The 2nd HEIRRI Conference 'Education towards a responsible society, transforming universities through RRI' will present the results of nearly three years of project activities designed to promote the integration of Responsible Research and Innovation (RRI) within the education of scientists, engineers and other professionals involved in the R&D process. It will be held in Vienna on the 27th April 2018.

Call for abstracts is now open! We are seeking for contributions presenting RRI practices, projects, programmes and initiatives that demonstrate the application of RRI in higher education.

Specifically, HEIRRI invites applications that put a spotlight on activities designed to integrate more democratic governance in research and innovation with an emphasis on positive societal impacts along with a promotion and application of a more anticipatory, reflexive, inclusive and responsive approach to research and innovation into higher education curricula. The main emphasis should be placed on specific educational outcomes and achievements. The project is seeking for applications from different countries, context and disciplines, both from the humanities and the natural and social sciences.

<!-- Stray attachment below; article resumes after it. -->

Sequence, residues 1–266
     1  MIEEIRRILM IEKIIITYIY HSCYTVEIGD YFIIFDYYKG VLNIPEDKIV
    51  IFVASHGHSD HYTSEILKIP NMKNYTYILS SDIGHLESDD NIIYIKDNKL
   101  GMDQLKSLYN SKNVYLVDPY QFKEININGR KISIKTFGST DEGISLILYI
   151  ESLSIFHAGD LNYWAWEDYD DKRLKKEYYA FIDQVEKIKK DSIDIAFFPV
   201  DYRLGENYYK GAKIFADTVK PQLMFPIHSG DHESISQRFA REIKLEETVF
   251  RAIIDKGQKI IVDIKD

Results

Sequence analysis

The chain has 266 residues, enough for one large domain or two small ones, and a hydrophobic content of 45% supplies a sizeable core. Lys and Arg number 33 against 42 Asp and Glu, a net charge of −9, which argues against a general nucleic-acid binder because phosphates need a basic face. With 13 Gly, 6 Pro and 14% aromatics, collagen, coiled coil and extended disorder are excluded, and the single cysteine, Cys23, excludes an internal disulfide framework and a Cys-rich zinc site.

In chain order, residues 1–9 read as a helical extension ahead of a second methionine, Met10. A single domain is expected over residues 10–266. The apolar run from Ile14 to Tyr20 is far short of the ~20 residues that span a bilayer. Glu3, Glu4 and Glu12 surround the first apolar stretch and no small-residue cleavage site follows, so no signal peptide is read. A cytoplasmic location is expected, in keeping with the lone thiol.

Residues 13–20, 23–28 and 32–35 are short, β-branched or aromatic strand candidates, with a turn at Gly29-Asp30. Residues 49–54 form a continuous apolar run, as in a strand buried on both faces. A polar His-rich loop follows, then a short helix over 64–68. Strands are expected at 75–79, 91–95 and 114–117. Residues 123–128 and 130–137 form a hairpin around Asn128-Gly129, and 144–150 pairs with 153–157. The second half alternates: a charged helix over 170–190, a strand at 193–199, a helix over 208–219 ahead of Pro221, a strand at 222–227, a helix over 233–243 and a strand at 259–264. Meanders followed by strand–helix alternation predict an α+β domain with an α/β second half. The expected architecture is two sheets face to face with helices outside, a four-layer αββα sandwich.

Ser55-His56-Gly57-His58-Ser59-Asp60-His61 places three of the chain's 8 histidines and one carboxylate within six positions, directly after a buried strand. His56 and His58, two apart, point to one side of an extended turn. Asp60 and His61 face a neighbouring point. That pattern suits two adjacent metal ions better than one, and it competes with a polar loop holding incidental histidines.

Key Dates:
Opening of abstract submission: October 26th, 2017
Deadline for abstract submission: November 30th, 2017 (23:59 European Central Time)
Notification of acceptance/rejection: December 20th, 2017

2nd HEIRRI Conference website:

⇒ Call for abstracts (download pdf file)
⇒ Free registration is open. Please, fill in this form with your personal information.
⇒ Join the event on Facebook and use the hashtag #HEIRRIConf on Twitter.
⇒ Funding to attend the 2nd HEIRRI Conference: more information and application forms will be provided in the coming weeks on

Marta Cayetano - communication officer
HEIRRI - integrating RRI into Higher Education Institutions

GIAN Short Course "Economics of Science, Technology and Innovation: Empirical Approaches and RCTs" at IIT Indore | 10-14 January

Economics of Science, Technology and Innovation: Empirical Approaches and Randomized Control Trials (RCTs)
Venue: School of Humanities and Social Sciences, Indian Institute of Technology Indore
10-14 January 2018

Course details